Dialyzer (DY-uh-LY-zur): The filter used in a dialysis system to remove wastes and fluid.
Diastolic (DY-uh-STAH-lik) blood pressure: The “bottom” number in a blood pressure reading (120/80), the blood pressure when the heart rests.
Diffusion (De-few-SHUN): Movement of waste products across a membrane or filter from a high concentration (the blood) to a low concentration (dialysate). This works kind of like making tea with a tea bag.
Disinfection (Des-in-Fek-shun): The process of cleaning to prevent the growth of bacteria that could lead to infection.
Dry Weight: The “ideal” weight for a person, at which blood pressure is normal and there is no swelling from extra fluid.
Edema (eh-DEE-muh): Swelling caused by excess fluid and salt in the body.
Effluent: The filtered fluid containing waste products and excess fluid removed from the patient’s blood.
Electrolytes (ee-LEK-troh-lites): Chemicals in body fluids including sodium, potassium, magnesium, and chloride.
End-stage renal (REE-nul) disease (ESRD): Total and permanent kidney failure.
Erythropoietin (eh-RITH-roh-POY-uh-tin): A hormone made by the kidneys that stimulates the body to make red blood cells.
Filter: See dialyzer.
Fistula (FIST-yoo-LAH): A connection created by surgery between an artery and vein to make a bigger blood vessel for dialysis access. The “gold standard” because it is easy to use, has low infection rates, and lasts a long time.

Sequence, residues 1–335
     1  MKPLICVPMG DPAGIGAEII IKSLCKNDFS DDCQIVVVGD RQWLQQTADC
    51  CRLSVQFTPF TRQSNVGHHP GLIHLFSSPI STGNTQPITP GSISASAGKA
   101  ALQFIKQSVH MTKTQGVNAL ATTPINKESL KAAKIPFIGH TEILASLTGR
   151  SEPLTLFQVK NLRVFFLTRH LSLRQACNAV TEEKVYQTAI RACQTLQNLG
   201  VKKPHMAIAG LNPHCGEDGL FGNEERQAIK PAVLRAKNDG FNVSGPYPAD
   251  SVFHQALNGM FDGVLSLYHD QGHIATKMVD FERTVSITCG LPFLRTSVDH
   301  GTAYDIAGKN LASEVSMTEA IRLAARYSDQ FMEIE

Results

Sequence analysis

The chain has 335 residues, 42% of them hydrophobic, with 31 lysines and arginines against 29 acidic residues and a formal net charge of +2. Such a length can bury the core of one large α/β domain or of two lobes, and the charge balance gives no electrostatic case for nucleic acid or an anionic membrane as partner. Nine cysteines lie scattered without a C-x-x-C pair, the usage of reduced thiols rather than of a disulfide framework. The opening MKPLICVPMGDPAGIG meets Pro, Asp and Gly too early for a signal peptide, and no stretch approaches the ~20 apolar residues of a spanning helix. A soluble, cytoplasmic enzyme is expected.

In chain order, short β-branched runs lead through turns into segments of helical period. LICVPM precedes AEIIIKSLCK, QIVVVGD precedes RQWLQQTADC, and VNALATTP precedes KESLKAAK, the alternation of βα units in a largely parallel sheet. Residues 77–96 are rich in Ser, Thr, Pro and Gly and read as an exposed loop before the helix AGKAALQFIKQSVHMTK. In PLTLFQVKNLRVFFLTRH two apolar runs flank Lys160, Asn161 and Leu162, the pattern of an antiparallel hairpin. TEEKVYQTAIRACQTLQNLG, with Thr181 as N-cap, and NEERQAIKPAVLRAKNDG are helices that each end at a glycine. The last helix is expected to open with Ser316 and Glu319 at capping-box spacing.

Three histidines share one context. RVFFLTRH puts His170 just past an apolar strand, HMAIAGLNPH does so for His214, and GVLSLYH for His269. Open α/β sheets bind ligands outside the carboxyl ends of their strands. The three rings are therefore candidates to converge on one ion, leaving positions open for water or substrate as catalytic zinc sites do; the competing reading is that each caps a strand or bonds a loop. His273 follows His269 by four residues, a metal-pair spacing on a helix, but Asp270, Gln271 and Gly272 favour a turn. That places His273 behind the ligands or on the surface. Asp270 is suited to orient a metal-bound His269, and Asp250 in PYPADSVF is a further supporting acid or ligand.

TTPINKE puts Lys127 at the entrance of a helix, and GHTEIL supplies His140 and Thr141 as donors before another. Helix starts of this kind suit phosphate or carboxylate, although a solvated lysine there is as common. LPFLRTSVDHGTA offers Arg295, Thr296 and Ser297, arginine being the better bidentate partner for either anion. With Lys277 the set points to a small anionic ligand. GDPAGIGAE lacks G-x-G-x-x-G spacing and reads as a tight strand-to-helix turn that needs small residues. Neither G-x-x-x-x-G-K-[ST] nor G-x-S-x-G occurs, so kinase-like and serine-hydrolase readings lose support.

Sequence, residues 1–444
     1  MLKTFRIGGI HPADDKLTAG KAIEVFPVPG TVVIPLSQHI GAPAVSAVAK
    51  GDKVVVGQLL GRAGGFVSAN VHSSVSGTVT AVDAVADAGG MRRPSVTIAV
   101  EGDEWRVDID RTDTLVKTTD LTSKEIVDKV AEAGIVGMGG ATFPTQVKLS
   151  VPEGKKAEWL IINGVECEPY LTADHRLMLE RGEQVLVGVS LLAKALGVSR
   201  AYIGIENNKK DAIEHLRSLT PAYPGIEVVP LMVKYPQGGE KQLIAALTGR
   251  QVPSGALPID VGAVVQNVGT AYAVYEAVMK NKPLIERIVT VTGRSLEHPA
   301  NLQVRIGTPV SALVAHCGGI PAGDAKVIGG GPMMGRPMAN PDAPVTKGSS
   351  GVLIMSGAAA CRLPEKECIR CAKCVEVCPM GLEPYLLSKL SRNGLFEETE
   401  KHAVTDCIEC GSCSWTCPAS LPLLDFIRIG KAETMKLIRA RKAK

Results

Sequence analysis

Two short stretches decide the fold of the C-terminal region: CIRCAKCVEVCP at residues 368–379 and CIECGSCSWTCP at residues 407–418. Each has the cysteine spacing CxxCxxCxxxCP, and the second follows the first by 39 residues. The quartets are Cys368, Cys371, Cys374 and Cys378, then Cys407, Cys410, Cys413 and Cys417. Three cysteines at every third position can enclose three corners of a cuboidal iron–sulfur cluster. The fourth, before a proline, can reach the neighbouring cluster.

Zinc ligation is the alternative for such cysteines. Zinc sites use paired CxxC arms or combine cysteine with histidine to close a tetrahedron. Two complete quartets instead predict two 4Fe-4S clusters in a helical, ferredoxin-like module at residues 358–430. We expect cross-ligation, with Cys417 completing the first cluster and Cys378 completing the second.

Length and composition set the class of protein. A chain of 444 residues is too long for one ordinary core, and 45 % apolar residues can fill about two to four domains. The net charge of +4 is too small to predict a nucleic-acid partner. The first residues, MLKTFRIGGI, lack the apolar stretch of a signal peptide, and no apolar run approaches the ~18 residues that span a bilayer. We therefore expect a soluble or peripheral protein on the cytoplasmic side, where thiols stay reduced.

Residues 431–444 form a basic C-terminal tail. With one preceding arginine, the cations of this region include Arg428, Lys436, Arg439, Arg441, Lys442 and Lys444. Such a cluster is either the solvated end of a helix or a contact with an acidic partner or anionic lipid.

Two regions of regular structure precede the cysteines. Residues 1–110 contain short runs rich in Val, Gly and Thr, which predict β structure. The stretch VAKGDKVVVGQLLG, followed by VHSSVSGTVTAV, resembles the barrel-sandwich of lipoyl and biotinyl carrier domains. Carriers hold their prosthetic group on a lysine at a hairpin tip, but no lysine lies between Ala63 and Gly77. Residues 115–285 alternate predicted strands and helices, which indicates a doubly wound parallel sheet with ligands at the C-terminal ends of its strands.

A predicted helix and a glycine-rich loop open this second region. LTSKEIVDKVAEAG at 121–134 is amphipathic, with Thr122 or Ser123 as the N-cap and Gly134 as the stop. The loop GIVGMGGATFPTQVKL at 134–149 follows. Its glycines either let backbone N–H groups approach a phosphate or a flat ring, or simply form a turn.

Fluid overload: A condition in which the body contains too much water and salt.
Graft: In hemodialysis, a vascular access surgically created using a synthetic tube to connect an artery to a vein.
Hemodialysis (HEE-moh-dy-AL-ih-sis): The process of using of a machine to remove wastes and fluid from the blood after the kidneys have failed.
Hypertension (HY-per-TEN-shun): High blood pressure.
Hypertensive (HY-per-TEN-siv): Having high blood pressure.
Hypotension (hy-poh-TEN-shun): Low blood pressure.
Kidney: One of two bean-shaped organs that filter wastes from the blood located near the middle of the back.
Kidney failure: Loss of kidney function.
Membrane: A thin sheet or layer of tissue that lines a cavity or separates two parts of the body, and that can act as a filter.